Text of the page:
The Norman Lockyer Observatory
Mercury 13 - A Secret Programme for US Women
Astronauts in the 1960s.
'The Mercury 13' was a secret programme run and paid for by Jacque Cochran (herself a pilot), her husband and Dr Lovelace during the early 60's at the beginning of the Mercury space flights to see how women pilots compared to the men.
John Parratt is interested in astronomical and human space flight history, astro-photography, Formula 1 motor racing, playing guitar, (favourite bands Status Quo, Queen, Led Zeppelin), Lego, and watching sci-fi films.
Her presenting credits include Stargazing Live, Sky at Night, Horizon: Transit of Venus, Timeshift: The History of Extreme Weather and Inside Science. Lucie is also a regular guest on the One Show and is a popular contributor to various radio programmes including Infinite Monkey Cage and Slooh Radio.
Her first popular science book is called 15 Million Degrees: A Journey to the Centre of the Sun, which discusses the history and current activities in solar physics.
Lucie Green is a Professor of Physics and a Royal Society University Research Fellow based at the Mullard Space Science Laboratory, UCL’s Department of Space and Climate Physics. Lucie studies activity in the atmosphere of our nearest star, the Sun, looking in particular at immense magnetic fields in the Sun’s atmosphere which sporadically erupt into the Solar System.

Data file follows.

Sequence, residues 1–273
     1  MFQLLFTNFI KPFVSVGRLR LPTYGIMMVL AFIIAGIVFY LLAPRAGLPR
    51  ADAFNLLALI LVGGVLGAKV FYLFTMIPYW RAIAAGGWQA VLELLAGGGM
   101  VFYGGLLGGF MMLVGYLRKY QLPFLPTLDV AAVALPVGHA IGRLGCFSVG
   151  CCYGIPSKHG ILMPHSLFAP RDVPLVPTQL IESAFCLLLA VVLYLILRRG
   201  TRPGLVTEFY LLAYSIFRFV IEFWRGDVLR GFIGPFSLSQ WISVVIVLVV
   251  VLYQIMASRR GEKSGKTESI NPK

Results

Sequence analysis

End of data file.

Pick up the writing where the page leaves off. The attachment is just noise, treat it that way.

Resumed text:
A celebration of Cassini’s epic journey to Saturn.
The Story starts with the mission launch in 1997, followed by orbit insertion at the end of 2004; it continues through to the Grand Finale in October 2017
The story is told with the help of vibrant graphics and sensational photographs captured by Cassini's onboard cameras.
At 3pm Melanie Is presenting
"Eat the Solar System" this session is great for the children. Please meet outside the Connaught Dome. If raining inside the Jeanne Edyvean Centre.
Melanie Davies studied Geoscience
and Physics at the Open University and went on to study Astronomy at the
University of Sussex. She has worked for many years as a Space Science
Communicator, many of those at the historic observatory at
Astronomical Causes of Climate Change
Various astronomical factors which can affect climate change will be discussed, together with humanity’s efforts. These factors include long- and medium-term changes in the output of the Sun, plus geological, orbital & galactic changes directly affecting planet Earth.
James Fradgley has a BA in Physics and Astronomy & an MSc – he is particularly interested in the mechanisms rather than observations; in trying to understand how it works, than in seeing it!